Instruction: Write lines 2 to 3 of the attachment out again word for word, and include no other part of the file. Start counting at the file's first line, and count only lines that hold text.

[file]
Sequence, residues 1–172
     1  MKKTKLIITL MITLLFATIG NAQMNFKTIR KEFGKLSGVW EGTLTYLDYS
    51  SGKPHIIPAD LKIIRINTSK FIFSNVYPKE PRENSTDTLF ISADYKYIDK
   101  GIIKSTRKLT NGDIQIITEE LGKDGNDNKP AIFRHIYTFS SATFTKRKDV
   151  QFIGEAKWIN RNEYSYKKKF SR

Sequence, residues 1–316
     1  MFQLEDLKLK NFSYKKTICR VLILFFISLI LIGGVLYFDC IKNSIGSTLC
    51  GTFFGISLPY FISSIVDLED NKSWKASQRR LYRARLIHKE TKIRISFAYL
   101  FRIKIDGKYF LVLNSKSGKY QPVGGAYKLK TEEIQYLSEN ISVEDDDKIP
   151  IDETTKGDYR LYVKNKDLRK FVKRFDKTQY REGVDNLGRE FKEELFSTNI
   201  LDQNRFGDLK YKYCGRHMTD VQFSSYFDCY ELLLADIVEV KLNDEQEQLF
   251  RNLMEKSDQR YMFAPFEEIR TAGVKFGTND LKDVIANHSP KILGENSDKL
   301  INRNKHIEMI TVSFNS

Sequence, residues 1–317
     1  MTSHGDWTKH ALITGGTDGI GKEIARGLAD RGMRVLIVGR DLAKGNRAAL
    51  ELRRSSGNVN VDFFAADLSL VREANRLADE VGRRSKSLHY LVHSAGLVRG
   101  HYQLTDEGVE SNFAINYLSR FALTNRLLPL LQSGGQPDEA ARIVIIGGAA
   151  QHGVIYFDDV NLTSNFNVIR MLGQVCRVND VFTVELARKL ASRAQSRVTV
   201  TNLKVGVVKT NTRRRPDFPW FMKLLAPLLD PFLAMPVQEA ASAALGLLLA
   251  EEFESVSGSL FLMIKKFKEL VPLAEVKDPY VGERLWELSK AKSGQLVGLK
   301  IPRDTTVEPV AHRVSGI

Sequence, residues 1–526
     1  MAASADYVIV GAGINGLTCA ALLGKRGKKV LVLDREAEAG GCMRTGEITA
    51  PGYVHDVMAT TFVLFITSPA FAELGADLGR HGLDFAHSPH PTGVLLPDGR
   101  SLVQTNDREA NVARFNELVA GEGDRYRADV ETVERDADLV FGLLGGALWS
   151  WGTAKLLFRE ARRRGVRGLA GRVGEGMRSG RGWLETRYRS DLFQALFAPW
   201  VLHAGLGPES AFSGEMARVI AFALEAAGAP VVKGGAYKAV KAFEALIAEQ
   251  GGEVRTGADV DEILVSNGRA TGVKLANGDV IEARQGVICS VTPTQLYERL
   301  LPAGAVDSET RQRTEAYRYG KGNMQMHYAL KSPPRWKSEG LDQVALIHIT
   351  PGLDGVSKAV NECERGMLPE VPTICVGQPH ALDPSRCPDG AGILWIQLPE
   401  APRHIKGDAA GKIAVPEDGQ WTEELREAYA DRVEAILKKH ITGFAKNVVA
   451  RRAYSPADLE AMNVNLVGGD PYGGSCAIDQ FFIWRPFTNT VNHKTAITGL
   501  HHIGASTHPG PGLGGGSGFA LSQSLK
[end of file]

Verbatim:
     1  MKKTKLIITL MITLLFATIG NAQMNFKTIR KEFGKLSGVW EGTLTYLDYS
    51  SGKPHIIPAD LKIIRINTSK FIFSNVYPKE PRENSTDTLF ISADYKYIDK